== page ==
A Systematic Review on the Reporting of Outcome Data in Studies on Autologous Osteochondral Transplantation for the Treatment of Osteochondral Lesions of the Talus

Charles P. Hannon, Nikolas Baksh, Hunter Newman, Christopher D. Murawski, Niall A. Smyth, John G. Kennedy

Research output: Contribution to journalReview articlepeer-review

7 Scopus citations

Abstract

Purpose. The purpose of this study was to systematically review studies on autologous osteochondral transplantation (AOT) for osteochondral lesions (OCLs) of the talus and descriptively analyze the outcome data reported to determine whether it is consistent from one study to another and able to be pooled for systematic review. Methods. A systematic electronic search was performed using the MEDLINE and EMBASE databases. Studies that were published between January 1966 and June 2011 were included in the review. Only studies that reported data specifically on AOT for treatment of OCLs of the talus and written in English were included in this review. A predefined data sheet with 36 variables was created, and it was determined whether or not each of those variables were reported or not reported. The 36 variables were then grouped into 6 categories, and the categorical means were reported. Results. A total of 20 studies were included in this systematic review. The categories of general demographics and study design were generally well reported (each more than 80% of studies). Patient-reported outcomes and clinical variables were reported less in 73% and 67% of studies, respectively. The least-reported categories were patient history (45%) and imaging data (49%). Conclusions. Inconsistencies and an underreporting of data were apparent between studies, such that pooling was deemed not possible. An effort must be made by investigators to ensure that there is adequate reporting of data in studies of AOT treatment for OCLs of the talus.Levels of Evidence: Therapeutic Level IV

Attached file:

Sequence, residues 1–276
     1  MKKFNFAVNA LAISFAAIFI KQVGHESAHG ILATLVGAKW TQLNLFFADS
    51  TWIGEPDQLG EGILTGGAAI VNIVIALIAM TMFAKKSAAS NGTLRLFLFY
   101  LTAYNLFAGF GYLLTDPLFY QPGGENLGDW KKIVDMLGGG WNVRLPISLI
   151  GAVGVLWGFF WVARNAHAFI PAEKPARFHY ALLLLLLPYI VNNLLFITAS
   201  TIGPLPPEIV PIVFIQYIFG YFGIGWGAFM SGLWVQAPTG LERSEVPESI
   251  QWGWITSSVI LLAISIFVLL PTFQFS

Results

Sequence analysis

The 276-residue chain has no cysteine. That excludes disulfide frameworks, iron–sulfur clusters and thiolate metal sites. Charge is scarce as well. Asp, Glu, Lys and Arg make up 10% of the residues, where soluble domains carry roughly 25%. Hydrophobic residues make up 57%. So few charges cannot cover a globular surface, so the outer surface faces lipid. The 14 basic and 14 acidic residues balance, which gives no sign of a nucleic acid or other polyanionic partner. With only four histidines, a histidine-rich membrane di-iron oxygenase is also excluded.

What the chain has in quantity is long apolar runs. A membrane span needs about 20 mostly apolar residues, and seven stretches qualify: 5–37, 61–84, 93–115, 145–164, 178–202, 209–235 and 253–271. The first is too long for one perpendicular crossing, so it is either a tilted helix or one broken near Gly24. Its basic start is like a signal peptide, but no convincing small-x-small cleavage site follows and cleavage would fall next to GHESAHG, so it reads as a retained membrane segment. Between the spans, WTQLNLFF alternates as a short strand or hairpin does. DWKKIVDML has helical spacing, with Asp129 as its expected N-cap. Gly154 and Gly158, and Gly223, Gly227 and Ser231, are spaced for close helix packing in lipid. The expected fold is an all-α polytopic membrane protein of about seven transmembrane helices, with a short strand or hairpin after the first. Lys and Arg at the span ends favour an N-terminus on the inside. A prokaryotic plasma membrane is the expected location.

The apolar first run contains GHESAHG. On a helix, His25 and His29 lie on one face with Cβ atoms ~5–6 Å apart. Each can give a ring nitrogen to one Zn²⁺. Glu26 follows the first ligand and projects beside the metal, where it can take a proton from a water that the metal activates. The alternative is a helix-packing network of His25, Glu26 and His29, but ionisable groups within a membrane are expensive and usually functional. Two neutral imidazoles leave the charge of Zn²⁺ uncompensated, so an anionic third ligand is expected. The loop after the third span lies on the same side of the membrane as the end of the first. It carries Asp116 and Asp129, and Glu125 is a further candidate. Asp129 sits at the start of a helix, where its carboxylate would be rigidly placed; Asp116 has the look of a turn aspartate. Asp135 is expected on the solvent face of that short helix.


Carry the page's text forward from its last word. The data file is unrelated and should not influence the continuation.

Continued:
Original languageEnglish
Pages (from-to)226-231
Number of pages6
JournalFoot and Ankle Specialist
Volume6
Issue number3
DOIs
StatePublished - Jun 2013

Keywords

  • ankle
  • ankle injuries
  • heel
  • other
  • rearfoot

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